The US Food and Drug Administration (FDA) has granted fast-track designation to the Cerecor fully human monoclonal antibody (mAb) CERC-002 for treating hospitalised Covid-19 patients.
Licenced from Kyowa Kirin, CERC-002 is an anti-LIGHT therapy that acts against tumour necrosis factor superfamily member 14 (TNFSF14).
The fast track designation aids in developing therapies for serious diseases with an unmet medical need. It helps expedite the development and review process of such therapies in a bid to swiftly bring the approved product to the market.
Cerecor noted that a Biologic License Application (BLA) for the antibody treatment will now be eligible for rolling submission as well as priority review.
CERC-002 is currently being developed for treating severe paediatric-onset Crohn’s disease and cytokine storm induced Covid-19 acute respiratory distress syndrome (ARDS).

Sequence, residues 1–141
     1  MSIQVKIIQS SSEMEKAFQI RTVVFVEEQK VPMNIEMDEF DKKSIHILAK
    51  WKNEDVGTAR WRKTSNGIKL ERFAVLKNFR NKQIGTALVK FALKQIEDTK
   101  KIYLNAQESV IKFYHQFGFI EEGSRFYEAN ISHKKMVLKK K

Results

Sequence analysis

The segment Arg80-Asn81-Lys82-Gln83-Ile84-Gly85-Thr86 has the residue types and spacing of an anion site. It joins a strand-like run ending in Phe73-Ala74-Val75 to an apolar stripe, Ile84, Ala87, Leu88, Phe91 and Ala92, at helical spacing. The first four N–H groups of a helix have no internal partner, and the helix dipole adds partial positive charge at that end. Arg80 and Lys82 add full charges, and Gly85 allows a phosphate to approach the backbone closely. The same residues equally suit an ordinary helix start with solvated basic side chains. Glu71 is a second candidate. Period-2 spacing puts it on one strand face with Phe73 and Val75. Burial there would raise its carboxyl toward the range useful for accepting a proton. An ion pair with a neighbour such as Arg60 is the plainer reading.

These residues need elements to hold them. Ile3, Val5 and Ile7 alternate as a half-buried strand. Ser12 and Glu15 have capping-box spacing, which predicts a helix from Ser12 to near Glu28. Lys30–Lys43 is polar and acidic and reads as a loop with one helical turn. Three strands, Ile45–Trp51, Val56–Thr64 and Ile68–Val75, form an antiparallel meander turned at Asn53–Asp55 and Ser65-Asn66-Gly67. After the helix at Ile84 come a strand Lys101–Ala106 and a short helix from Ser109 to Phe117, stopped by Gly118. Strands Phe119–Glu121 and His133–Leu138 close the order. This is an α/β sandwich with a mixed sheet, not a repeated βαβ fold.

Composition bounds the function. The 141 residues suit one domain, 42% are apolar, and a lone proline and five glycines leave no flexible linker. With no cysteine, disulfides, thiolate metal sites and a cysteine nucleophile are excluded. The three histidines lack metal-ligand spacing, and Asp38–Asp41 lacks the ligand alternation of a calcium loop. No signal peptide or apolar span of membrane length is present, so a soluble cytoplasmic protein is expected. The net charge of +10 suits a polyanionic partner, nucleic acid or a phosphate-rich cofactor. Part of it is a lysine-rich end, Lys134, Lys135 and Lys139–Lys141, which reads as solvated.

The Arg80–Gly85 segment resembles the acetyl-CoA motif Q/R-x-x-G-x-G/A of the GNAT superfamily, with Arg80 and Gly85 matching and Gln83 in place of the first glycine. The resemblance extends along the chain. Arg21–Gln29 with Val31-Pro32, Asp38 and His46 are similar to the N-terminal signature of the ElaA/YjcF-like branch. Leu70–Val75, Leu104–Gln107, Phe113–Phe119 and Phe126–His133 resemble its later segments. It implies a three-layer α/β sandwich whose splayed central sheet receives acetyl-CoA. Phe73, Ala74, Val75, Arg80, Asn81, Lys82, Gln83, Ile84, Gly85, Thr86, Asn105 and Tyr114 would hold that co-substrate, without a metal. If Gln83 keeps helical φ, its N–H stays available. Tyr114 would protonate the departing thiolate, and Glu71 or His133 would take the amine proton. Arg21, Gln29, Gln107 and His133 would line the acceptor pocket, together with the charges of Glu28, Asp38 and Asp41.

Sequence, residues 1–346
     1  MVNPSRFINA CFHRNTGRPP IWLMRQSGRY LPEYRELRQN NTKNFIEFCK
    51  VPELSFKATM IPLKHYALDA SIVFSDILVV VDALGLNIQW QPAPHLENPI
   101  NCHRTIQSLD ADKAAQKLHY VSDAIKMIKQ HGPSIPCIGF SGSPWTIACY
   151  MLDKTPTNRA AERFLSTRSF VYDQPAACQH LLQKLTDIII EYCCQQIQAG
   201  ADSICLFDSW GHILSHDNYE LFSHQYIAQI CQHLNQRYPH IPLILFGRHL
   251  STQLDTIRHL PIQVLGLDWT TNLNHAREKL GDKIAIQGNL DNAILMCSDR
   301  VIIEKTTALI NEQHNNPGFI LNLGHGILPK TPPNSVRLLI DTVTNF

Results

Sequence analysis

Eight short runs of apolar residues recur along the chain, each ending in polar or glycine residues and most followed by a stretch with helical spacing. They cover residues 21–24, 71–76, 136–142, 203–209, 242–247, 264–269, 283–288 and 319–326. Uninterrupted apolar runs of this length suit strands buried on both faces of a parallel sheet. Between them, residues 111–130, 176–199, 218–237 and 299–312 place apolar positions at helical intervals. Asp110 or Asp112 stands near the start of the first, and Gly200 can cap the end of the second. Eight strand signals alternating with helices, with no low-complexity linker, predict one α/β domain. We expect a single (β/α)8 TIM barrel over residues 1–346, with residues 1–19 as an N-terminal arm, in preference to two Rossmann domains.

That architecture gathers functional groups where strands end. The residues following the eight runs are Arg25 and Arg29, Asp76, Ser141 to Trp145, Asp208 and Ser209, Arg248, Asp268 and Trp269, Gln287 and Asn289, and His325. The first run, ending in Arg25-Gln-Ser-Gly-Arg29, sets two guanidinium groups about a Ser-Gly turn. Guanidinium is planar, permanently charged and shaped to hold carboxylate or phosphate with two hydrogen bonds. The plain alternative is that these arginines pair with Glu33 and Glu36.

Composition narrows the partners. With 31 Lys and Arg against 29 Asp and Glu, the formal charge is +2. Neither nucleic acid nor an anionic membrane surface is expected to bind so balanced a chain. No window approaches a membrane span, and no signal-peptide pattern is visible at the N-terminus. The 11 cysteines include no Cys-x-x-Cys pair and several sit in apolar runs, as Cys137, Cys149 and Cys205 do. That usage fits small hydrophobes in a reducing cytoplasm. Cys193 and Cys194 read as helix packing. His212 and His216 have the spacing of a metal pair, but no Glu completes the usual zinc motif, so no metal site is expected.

In a separate development, the Bolivian Government has entered a deal to procure 15 million doses of Johnson & Johnson Covid-19 vaccines.
According to the deal, a separate manufacturer would produce the vaccines and Bolivia would require the World Trade Organization to waive off the patent of the vaccine, Reuters reported.
The country said that it had sought WTO’s vaccine waiver so that Canadian company Biolyse Pharma could manufacture the shots.
The news agency quoted Bolivian trade official Benjamin Blanco as saying at a press meet: “Getting someone who can make us vaccines without patents is the first step, the second is the notification to the WTO to start the (patent waiver application) process, and if that is granted, production would begin in three to six months.”
Blanco added that an agreement was signed for Biolyse Pharma to make J&J’s single-dose drug, which would cost between $3 and $4 per dose.
Last week, the US released a statement announcing President Joe Biden’s support to wave off intellectual property rights on Covid-19 vaccines temporarily, a move which received support from over 120 countries.